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“Interwoven Journey” -Valeria Ramirez Ensastiga MA NCSS ‘21

This is the final week of my internship with THP – Mexico. I have had learnings in all senses: from working completely online for the first time to knowing how to talk about the preservation of traditional knowledge without idealizing its fossilization. I am definitely grateful to the RISD Maharam Fellowship, which has allowed me to live this extraordinary experience even in the midst of the pandemic.

Although the recommendation when writing nonfiction for children is to avoid mixing with fiction, we decided that it was important to respond to the indigenuos ‘oraliteratura’ (which is the fact that orality and the use of storytelling is the natural mode of transmission of knowledge among indigenous and rural communities). Thus, the final product is a tale that explains different aspects of sustainable development, coupled with some activities specifically designed to invite the children and their families to reflect about how to achieve a more ecological life.

The story narrates the encounter between Zazil, a girl who lives in a rural community in the jungle, and a jaguar with her cub with the aim of  showing the interconnection between humans, other species and their natural environment. In each of its 12 sections, one different topic is reviewed, explaining the current situation and the necessity to achieve a local sustainable development. Some of the topics are: water, waste reduction, indigenous languages ​​and non-discrimination, traditional food and health, among others.

After several reviews by both, the THP team in Mexico City and some of the youth community leaders (catalysts), the result was two booklets. The children’s booklet contains Zazil’s story, and the catalyst booklet includes the tale plus 4 other sections. The first of these sections contains suggested activities to help children reflect more on the topic covered in each chapter. The second section is a table with data on the topic at the individual, community and global levels. The third section suggests an exercise of deep reflection for the child (and her/his family) to diagnose her (their) own current situation and thus, create a beginning in visualizing changes at the individual and family level that can be carried out to contribute to a sustainable development.  Finally, the fourth section is a list of tips that people can easily follow and share with others in their community. The THP-Mexico team also plans to use the illustrations in this last section to spread the tips through WhatsApp with the other adults that the organization works with.

The illustrations are simple shapes and the selected colors allow the image to be easily understood even though they are printed in black and white, because I figured that some of the young leaders would do the physical distribution within their communities and, for now at least, they will pay the cost of printing, making black and white printing a better option for them. The THP team is looking into funding other alliances to translate the material to some indigenous languages and to do a good quality printing of the material when the pandemic is over.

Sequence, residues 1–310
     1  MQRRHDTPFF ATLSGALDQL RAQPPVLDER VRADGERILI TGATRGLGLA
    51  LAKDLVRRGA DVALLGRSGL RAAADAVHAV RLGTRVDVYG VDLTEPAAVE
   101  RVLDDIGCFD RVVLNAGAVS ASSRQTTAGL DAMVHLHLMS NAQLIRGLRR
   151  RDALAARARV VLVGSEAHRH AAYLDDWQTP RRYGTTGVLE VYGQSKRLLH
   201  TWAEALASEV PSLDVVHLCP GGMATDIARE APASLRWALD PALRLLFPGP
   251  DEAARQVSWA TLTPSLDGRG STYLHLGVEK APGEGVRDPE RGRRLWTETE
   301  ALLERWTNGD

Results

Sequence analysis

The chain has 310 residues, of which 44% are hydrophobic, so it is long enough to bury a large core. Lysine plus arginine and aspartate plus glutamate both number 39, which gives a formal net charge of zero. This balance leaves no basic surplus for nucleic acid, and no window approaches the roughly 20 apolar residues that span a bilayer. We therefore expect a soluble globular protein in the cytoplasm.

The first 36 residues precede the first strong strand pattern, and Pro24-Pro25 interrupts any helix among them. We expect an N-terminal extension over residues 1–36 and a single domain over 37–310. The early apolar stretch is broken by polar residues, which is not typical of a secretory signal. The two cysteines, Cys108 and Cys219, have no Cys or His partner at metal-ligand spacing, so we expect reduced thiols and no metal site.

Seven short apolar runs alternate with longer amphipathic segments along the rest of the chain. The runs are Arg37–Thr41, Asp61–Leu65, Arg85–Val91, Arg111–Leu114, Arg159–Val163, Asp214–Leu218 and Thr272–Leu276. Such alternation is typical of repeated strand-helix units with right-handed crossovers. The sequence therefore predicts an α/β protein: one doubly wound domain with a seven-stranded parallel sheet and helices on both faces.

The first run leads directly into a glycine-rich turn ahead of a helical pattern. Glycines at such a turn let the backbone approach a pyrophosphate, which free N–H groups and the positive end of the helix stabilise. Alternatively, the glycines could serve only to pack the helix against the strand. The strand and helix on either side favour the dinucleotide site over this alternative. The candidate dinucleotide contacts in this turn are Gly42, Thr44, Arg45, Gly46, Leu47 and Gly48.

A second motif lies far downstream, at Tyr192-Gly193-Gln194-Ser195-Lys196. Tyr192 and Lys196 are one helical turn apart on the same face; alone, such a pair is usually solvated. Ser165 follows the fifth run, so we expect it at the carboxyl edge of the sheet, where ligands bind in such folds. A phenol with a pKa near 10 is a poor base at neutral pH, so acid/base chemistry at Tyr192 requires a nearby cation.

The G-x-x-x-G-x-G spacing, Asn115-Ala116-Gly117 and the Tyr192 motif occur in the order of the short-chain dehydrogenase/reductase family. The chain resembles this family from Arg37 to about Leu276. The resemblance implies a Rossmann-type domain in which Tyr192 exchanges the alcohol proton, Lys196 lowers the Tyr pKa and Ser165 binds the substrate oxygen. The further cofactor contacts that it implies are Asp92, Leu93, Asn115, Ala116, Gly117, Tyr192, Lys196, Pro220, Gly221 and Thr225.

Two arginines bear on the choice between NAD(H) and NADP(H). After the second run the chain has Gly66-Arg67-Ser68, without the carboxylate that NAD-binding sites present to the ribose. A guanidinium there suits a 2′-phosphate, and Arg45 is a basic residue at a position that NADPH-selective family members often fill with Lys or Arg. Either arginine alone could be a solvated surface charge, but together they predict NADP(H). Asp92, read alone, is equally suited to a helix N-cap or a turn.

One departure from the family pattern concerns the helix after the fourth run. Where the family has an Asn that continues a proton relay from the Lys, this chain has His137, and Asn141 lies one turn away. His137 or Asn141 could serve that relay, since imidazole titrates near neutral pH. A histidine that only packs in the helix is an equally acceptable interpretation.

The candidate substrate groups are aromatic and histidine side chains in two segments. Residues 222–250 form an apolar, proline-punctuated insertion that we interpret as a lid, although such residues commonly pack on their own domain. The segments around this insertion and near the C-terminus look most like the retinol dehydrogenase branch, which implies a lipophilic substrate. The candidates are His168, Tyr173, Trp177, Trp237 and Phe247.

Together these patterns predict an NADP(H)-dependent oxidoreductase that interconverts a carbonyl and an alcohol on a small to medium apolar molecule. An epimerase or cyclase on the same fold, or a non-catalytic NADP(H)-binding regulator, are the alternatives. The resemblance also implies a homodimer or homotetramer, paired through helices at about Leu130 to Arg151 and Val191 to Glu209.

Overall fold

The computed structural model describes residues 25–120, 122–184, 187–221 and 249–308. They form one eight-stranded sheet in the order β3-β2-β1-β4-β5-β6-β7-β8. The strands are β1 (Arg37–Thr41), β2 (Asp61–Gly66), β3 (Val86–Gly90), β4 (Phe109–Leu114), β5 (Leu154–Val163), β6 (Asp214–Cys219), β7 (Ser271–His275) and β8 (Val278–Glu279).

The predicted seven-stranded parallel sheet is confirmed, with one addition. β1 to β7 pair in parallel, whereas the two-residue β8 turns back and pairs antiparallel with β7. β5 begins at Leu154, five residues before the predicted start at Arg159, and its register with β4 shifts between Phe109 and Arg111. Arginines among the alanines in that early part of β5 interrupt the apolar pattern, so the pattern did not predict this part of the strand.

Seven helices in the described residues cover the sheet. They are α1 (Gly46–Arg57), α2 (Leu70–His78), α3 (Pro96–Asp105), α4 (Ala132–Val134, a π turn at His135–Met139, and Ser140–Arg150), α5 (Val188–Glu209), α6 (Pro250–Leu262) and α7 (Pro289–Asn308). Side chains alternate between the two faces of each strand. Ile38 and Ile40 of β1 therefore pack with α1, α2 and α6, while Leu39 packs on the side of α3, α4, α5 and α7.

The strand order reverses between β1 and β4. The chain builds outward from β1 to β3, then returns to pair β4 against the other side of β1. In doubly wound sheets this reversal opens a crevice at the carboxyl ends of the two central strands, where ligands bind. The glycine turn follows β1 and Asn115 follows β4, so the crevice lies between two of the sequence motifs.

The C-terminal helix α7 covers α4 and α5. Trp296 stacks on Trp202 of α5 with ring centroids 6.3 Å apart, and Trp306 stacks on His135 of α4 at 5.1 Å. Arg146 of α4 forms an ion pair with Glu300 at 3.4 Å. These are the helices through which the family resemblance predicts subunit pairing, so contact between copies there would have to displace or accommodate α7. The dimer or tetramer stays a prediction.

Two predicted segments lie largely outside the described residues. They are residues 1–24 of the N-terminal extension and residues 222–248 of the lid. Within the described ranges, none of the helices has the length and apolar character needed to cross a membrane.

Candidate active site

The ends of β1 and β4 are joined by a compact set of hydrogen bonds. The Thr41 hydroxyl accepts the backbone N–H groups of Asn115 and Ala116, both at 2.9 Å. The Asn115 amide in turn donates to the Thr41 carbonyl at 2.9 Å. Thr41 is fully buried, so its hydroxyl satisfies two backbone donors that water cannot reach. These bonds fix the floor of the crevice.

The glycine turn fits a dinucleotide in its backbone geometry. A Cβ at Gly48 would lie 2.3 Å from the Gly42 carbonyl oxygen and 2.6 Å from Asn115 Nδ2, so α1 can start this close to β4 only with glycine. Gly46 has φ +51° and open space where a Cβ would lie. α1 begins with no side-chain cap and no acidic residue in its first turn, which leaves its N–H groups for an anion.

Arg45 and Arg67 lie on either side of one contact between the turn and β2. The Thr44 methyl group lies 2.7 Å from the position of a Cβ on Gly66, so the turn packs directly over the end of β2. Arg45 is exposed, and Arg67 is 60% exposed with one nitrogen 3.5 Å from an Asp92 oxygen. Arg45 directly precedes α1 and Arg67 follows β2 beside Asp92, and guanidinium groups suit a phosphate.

This last week I’ve been dedicated to finishing the illustrations and polishing some editorial details that the THP team has observed. Maybe after testing it in the field THP, will need to make some adaptations according to the feedback they get. For now, I am very happy with the results that were obtained because I believe that these will help the catalysts to appropriate the content; transmit it to the children and; also, to spread it within the families of these little ones.


Week 10 & 11: Finishing Transient Stillness and Choreography of Light – Yunni Cho, BRDD 21′

<Transient Stillness>

Transient Stillness is focused on the poetic and abstract nature of daylight and its beauty. It started with my own personal observation of the sky in my neighborhood due to the physical restrictions I faced with the current pandemic. The project was realized by simply trying many different methods to document what I saw and how I felt in response to each and every moment I had with daylight. The result of those experimentations is this book.

Rather than focusing on the objective information or the universal truth, my project communicates a very personal – in fact, quite narrow – point of view towards daylight. By sharing my own perception in this way, I hope to share my appreciation and passion for natural light with others. The use of different techniques attempts to recreate the four visual properties of daylight, analyzing each layer separately. In real life, all four properties occur almost simultaneously to create our vision, which often makes us forget the value of a single property on its own. Through the separation of the properties, I wanted to show the beauty that is unique to each property, allowing the viewers to rethink and evaluate their own perception of light in a similar manner.

This project is about sharing my personal thoughts and experiences. But it can also serve as a guide to follow. For each technique I used, I included a few reference pictures of the daylight conditions I depicted in order to show the whole process of my analysis. I hope these pictures make the drawings more approachable and accessible to understand how they were produced, as they show a snapshot of what I saw at that particular moment. 

We see daylight almost everyday, and yet we rarely find time in our busy lives to appreciate its power and beauty. As this project shows, our natural light constantly changes its form, color, position in space, and movement. In other words, every moment of our daylight is unique and special. 

My ultimate goal for Transient Stillness is to allow one to find more beauty and appreciation in their daily interactions with light. Along with my drawings and pictures, I also included a few quotes from other architects, interior designers, and lighting professionals to provide a wider platform and range of  perspectives to discuss natural light. This project has not ended yet. Indeed, this is just a beginning to start a longer discussion about daylight by inviting others to reflect and share their versions of daylight. Transient Stillness will change and evolve as much as daylight itself.